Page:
Prime Minister Narendra Modi made five significant commitments at the COP26 climate summit recently. First – India will take its non-fossil energy generation capacity to 500 GW by 2030, second – India will meet 50% of her energy requirements from renewable energy by 2030, third – India will reduce its total projected carbon emissions by one billion tonnes from now until 2030, fourth – by 2030, India will reduce the carbon intensity of its economy by 45% and fifth – by the year 2070, India will achieve the target of Net-Zero carbon emissions.
Notably, this positioned India as one of the key signatories and spelt out the nation’s commitment towards tackling emissions from the burning of fossil fuel. While this sets out a clear roadmap for our country to follow, the intersectorial contribution of states, industries and people will be important in helping us reach this target.
The conversation on expanding renewable energy capacity by establishing the International Solar Alliance, handing out concessional financing and training by facilitating knowledge exchange are all initiatives already underway.
States have been asked to identify areas for setting up solar parks and given targets to meet energy demands through renewable sources. Private corporations have been roped in to reduce dependence on import of solar cells and international MoUs have been signed to ensure that waste management and recycling are executed properly.
From the macro lens, two major stakeholders – the government and industries – are working to fight climate change, and there is no doubt that their contribution will be key to ensuring that temperature rise is kept below 1.5 degrees celsius. However, this effort requires coordination and cooperation from every individual.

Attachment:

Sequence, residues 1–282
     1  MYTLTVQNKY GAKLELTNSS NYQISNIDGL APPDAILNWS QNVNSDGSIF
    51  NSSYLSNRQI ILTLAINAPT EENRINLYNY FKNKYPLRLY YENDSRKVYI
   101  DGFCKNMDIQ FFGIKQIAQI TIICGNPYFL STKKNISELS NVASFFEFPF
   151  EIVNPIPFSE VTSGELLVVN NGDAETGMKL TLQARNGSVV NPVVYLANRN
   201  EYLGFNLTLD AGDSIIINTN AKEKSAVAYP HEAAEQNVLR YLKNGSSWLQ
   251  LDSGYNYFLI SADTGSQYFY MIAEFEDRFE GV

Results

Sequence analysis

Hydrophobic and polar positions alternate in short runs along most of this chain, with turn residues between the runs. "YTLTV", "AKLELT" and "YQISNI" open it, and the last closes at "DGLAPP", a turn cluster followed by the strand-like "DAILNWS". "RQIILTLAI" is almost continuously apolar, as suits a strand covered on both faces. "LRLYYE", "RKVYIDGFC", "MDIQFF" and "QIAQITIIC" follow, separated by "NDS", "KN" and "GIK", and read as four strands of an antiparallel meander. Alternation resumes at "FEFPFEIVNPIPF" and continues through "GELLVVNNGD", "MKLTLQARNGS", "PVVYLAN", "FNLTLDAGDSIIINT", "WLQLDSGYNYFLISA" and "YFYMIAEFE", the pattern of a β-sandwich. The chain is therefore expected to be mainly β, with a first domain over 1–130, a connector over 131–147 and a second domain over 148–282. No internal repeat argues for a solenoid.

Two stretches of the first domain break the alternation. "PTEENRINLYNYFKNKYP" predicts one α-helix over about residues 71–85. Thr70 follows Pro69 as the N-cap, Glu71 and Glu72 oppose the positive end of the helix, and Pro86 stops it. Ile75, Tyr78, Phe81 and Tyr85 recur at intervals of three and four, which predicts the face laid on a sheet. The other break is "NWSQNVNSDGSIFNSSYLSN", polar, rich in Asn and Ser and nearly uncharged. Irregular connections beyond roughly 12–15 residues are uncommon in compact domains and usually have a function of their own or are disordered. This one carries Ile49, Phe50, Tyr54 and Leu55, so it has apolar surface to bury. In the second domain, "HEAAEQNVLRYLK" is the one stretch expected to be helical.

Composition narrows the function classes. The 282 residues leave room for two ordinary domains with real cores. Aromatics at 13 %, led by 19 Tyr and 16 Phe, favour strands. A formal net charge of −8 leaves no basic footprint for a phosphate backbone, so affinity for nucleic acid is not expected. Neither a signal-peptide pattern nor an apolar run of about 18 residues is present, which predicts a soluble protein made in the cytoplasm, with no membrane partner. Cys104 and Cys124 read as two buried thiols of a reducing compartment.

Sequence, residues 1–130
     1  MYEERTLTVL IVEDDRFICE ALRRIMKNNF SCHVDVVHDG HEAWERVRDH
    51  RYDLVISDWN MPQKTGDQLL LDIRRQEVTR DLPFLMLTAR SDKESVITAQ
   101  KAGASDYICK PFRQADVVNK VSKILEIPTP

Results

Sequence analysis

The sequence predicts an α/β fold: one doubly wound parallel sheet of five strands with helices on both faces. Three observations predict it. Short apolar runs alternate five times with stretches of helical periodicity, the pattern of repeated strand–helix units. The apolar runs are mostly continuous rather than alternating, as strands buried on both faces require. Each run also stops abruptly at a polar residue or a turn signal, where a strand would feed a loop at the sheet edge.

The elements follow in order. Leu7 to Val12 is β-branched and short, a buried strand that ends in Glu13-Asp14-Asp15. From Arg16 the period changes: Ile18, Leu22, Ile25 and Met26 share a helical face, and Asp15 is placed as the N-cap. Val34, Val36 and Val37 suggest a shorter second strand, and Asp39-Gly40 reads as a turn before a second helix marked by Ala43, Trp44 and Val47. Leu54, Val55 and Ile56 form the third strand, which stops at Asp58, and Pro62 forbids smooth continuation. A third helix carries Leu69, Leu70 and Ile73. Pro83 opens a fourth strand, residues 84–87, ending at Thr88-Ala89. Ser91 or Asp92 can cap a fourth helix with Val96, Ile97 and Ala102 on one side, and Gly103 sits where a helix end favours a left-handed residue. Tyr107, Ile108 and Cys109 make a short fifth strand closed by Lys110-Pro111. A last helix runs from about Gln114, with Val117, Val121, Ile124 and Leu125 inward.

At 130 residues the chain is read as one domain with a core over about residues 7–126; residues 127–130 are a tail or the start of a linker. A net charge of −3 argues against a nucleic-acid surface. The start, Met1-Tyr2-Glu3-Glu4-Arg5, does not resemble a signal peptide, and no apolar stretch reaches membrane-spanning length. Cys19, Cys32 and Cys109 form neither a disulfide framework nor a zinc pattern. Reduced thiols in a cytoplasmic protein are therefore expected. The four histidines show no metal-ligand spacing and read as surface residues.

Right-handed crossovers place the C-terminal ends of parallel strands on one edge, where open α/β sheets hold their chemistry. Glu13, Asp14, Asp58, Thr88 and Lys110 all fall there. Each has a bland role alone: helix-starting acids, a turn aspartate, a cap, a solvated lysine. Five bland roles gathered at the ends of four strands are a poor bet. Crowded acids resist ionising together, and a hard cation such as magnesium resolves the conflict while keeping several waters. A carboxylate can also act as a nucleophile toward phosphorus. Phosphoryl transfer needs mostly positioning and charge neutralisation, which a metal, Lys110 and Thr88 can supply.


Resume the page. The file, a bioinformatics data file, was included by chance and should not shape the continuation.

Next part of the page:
Youth and children will be worst affected by climate change and must be educated about the pitfalls of the society not acting in unison. Ushering in social and behaviour change will be vital as it will drive every individual to adopt a sustainable and environment-friendly lifestyle.
Schools have taken cognisance of the need to make children aware of the repercussions of climate change. They have set up modules to drive behaviour change. From plantation drives to energy-saving practices, today’s children, especially those from privileged backgrounds, are taught the best practices needed to reduce their carbon footprints.
Income inequality creates a big divide, increasing exposure of the poor to the impact of climate change. People from marginalized communities must be aided through innovative and impactful climate solutions.
The recent COP26 saw parties acknowledging the need to fully embed science in thier decision-making processes. We must build robust climate change mitigation strategies through technological innovation to address climate change at the grassroots as well as globally.
A number of corporates have now adopted robust sustainability practices and are imbibing systemic change by adopting technology to fight climate change, while civil society organisations have stepped forward to address climate action at the grassroots.
The COVID-19 pandemic has forced us to rededicate ourselves to innovate to mitigate climate change. It has highlighted the impact of infectious diseases on the global socio-economic landscape.
Climate change threatens to trigger the spread of a number of viral diseases with drastic repercussions. The urgency to act against climate change has never been greater.
Over the past decade, India has experienced several climate emergencies, from flashfloods to droughts to heatwaves. India’s action towards mitigating climate changeis dependent on multiple factors.
Our country requires all stakeholders – the government, corporates and civil society organisations to work closer than ever and devise solutions for the greater good. Each of these stakeholders brings unique strengths to the table and their roles are complementary.
While the government has scale, corporates have the wherewithal to fund research and innovation. Civil society organisations have reach and on-ground connect, matched by rich experience of delivering solutions at the last mile.
All these stakeholders must combine strengths to help humanity emerge out of the impending climate crisis.
The author is co-founder and Executive Trustee, Smile Foundation. The opinion expressed in the article are author’s own.
Source : https://www.indiatimes.com/explainers/news/climate-change-in-india-cop26-556740.html